An issue purely related to the state's administrative matters is assuming political dimensions in Kashmir. The colleges in Kashmir are short of the teachers and the academic session is yet to begin even as the colleges have opened in March for the current session. Government's careless approach in this regard has invited wrath from the separatist camp. They are connecting its contours with "Israeli way of operations in Palestine".
Syed Ali Geelani, head of the hard-line faction of the Hurriyat Conference has described the drift as "deliberate" and alleged that it was an attempt to deprive the new generation of Kashmiri people from education and "keep them illiterate". "It is a serious issue. The government is acting like Israel in Palestine. It is an attempt to keep our next generation away from education", he, said in a statement on Saturday.
Geelani's assertions came in the wake of public protests by the student community in Kashmir colleges against the shortage of teacher. Hundreds of students fanned out on the streets in Kulgam in protest. There are just three teachers for 2,500 students in Kulgam Degree College. The government degree college in Tral has six teachers for 1400 students. The colleges in Srinagar and other places are also under-staff and there is a growing unrest among the student community. Students of Srinagar's Amar Singh College held protest demonstration inside college premises.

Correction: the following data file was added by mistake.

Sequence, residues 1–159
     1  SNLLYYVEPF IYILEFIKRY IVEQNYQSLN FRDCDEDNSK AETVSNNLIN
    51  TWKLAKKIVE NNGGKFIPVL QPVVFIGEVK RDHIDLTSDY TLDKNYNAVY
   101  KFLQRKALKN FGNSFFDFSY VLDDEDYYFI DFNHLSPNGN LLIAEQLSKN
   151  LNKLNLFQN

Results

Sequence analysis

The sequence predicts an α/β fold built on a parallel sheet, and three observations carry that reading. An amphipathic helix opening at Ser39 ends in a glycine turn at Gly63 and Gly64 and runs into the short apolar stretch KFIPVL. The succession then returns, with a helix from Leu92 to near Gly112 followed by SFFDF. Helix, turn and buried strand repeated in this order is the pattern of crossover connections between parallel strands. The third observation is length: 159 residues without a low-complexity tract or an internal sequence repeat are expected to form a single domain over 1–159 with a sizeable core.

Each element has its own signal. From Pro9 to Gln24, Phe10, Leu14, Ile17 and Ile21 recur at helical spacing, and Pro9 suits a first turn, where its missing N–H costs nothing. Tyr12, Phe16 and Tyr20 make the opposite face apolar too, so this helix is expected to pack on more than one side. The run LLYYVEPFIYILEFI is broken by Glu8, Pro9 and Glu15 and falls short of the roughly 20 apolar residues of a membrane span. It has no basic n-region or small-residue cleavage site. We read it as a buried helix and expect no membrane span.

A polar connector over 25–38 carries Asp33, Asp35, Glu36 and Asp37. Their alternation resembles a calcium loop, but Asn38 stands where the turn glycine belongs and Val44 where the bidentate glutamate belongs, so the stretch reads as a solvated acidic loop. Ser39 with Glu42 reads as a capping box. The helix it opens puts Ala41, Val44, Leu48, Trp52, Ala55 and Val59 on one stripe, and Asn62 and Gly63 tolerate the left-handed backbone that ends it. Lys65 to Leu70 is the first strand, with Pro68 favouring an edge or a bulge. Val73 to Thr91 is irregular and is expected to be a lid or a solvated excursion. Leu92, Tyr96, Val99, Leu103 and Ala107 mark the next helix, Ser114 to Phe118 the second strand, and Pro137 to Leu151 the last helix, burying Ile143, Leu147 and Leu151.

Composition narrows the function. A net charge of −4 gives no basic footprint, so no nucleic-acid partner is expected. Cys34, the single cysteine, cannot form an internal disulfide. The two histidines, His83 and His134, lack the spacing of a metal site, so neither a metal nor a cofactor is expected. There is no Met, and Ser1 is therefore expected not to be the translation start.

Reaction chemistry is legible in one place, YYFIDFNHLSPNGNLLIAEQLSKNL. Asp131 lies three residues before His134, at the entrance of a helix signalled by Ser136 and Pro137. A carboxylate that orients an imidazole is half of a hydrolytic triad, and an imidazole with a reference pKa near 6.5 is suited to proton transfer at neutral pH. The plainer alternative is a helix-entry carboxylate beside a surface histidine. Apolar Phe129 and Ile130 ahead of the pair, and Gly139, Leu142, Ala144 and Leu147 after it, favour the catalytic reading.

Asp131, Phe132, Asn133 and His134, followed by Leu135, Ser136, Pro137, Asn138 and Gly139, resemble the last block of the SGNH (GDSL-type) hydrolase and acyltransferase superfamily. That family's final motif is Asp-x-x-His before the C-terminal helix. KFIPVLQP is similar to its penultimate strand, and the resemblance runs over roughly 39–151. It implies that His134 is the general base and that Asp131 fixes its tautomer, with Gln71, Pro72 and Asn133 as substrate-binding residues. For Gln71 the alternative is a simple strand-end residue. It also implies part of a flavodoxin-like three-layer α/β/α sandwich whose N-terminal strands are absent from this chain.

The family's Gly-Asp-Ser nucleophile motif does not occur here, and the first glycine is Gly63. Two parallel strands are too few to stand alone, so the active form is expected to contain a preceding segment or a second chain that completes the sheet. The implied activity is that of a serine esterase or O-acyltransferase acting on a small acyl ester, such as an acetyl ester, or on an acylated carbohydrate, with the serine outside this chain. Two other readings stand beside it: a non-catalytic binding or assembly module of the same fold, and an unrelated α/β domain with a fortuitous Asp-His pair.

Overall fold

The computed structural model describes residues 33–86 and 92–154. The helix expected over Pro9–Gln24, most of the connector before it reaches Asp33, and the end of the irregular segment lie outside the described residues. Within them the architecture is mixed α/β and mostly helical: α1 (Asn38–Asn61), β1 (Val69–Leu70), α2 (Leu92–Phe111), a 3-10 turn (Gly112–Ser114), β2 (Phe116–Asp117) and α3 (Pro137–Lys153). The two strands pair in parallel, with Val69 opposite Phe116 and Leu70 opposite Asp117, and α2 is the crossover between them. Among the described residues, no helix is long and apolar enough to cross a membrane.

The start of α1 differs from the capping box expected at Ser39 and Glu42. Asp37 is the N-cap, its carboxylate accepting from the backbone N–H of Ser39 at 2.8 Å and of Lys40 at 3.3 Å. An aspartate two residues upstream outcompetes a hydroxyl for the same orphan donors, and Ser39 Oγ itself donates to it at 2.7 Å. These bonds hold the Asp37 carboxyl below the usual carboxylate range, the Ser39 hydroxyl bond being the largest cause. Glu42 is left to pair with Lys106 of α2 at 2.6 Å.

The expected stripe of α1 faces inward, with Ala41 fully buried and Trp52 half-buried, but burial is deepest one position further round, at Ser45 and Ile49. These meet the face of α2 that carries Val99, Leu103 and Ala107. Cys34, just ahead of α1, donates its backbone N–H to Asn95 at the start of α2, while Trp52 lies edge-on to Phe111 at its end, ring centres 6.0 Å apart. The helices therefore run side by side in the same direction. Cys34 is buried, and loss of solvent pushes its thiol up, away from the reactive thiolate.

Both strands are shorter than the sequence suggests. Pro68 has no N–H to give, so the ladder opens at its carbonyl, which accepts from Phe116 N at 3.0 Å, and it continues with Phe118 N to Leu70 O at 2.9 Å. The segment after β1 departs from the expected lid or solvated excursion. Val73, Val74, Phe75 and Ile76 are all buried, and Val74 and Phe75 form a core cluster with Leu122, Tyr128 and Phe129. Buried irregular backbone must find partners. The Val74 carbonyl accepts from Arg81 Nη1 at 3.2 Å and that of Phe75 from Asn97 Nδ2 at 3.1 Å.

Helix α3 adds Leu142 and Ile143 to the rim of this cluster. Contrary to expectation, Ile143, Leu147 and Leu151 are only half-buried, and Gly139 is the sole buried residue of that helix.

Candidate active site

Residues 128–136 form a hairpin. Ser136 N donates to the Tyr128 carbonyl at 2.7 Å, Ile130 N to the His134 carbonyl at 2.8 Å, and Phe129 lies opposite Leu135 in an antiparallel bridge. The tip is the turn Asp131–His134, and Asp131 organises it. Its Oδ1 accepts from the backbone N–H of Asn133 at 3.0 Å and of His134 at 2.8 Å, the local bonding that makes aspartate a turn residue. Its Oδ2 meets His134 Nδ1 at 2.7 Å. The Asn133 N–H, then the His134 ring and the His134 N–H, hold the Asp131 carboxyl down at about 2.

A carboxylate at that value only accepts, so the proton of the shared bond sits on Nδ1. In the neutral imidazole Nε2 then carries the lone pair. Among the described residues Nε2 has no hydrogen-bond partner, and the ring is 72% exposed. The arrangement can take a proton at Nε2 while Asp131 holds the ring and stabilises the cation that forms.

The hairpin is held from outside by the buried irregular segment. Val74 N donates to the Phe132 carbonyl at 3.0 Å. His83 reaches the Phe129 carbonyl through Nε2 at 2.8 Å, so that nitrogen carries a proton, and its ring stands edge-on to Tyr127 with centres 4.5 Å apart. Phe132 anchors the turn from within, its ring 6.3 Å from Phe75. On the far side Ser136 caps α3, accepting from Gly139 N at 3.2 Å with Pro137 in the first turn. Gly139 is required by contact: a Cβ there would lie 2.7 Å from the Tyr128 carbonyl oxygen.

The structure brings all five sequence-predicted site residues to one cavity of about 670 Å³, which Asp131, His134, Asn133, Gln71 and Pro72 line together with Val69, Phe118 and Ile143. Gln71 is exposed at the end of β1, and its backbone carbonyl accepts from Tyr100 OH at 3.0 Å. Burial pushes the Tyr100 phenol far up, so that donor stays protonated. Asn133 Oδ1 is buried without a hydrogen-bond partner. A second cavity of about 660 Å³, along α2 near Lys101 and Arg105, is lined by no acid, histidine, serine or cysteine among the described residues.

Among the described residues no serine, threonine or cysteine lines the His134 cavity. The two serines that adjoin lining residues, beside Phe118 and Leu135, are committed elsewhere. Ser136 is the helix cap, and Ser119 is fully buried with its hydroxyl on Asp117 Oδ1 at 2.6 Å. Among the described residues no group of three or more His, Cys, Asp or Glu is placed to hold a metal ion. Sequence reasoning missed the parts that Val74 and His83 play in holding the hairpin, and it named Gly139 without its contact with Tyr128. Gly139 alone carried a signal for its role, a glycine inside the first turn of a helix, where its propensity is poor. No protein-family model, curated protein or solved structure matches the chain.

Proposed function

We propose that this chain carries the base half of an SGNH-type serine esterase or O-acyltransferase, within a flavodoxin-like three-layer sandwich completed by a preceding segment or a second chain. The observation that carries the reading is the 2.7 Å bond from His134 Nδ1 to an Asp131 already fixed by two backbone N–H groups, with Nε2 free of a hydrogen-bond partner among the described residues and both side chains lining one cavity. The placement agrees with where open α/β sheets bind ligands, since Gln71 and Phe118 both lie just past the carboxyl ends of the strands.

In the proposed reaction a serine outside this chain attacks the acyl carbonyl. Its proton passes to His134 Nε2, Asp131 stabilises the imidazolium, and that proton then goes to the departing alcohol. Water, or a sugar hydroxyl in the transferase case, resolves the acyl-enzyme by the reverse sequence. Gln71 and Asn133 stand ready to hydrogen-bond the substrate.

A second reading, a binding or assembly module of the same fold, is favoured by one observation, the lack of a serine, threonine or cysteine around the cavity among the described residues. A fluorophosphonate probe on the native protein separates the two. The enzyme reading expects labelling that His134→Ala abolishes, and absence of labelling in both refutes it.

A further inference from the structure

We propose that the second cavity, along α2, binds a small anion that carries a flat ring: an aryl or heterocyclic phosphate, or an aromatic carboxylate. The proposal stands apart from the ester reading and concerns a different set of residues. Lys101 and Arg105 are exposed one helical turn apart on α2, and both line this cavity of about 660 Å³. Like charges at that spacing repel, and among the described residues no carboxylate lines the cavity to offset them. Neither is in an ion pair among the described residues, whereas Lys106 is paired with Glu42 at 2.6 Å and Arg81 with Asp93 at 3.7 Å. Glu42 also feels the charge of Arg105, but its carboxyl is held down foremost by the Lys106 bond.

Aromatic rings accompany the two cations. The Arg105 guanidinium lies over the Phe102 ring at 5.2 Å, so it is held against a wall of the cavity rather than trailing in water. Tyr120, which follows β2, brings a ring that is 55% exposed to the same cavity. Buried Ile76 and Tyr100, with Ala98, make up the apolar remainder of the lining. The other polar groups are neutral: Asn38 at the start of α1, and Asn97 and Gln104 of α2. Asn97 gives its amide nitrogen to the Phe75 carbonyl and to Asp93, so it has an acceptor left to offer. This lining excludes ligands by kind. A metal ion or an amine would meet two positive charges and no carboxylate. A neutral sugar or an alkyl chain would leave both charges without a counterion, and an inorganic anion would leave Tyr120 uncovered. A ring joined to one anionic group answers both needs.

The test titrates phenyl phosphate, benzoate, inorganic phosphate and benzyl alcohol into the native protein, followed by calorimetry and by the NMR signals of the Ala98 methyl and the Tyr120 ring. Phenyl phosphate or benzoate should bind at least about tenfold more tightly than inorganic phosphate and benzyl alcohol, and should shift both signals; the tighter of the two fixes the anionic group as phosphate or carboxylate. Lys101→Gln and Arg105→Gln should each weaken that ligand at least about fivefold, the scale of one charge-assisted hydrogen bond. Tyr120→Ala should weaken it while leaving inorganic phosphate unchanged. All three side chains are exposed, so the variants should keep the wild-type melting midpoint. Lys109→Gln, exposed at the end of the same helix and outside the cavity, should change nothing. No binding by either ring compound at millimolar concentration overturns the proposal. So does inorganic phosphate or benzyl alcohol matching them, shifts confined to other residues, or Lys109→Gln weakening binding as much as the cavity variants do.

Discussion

N D Wani, director college education admits that there was dearth of teachers in colleges but assures that there were no such crises. "The academic session has already begun. We have engaged around 800 teachers on contract for the current academic session", he told Hindustan Times. He said that the department has referred 800 posts of college teachers to the State Public Service Commission (PSC) for selection. "Till that process is complete, engaging teachers on contract will continue", he added.
But the contractual teachers have refused to take the classes. They are demanding implementation of court orders regarding their recruitment and pay. The Jammu and Kashmir High Court, in response to a petition by a group of contractual college teachers, has directed the state government to pay the contractual teachers at par with regular teachers doing the same work.
The practice of engaging college teachers was started in 1998. They are paid a consolidated amount of Rs.8000 and are engaged on need-bases ranging from 6 to 10 months a year. Besides "equal work, equal pay", the Court also directed the state government to continue the engagement of the petitioning college teachers till the posts are filled.
"Government is refusing to implementing the Court order", said Rafiq Ahmad, president of contractual college teachers association. "Our strike will continue till government implements court order", he said.
"We have sought some clarification from the government on the court order. We are implementing it", said N D Wani.
However, in the tussle between the government and teachers, the students are the worst sufferers. "They are wasting our precious time. We have been coming to college regularly for the past two months. Not a single class has been taken so far", says Junaid Rashid, a student of government Amar Singh College in Srinagar.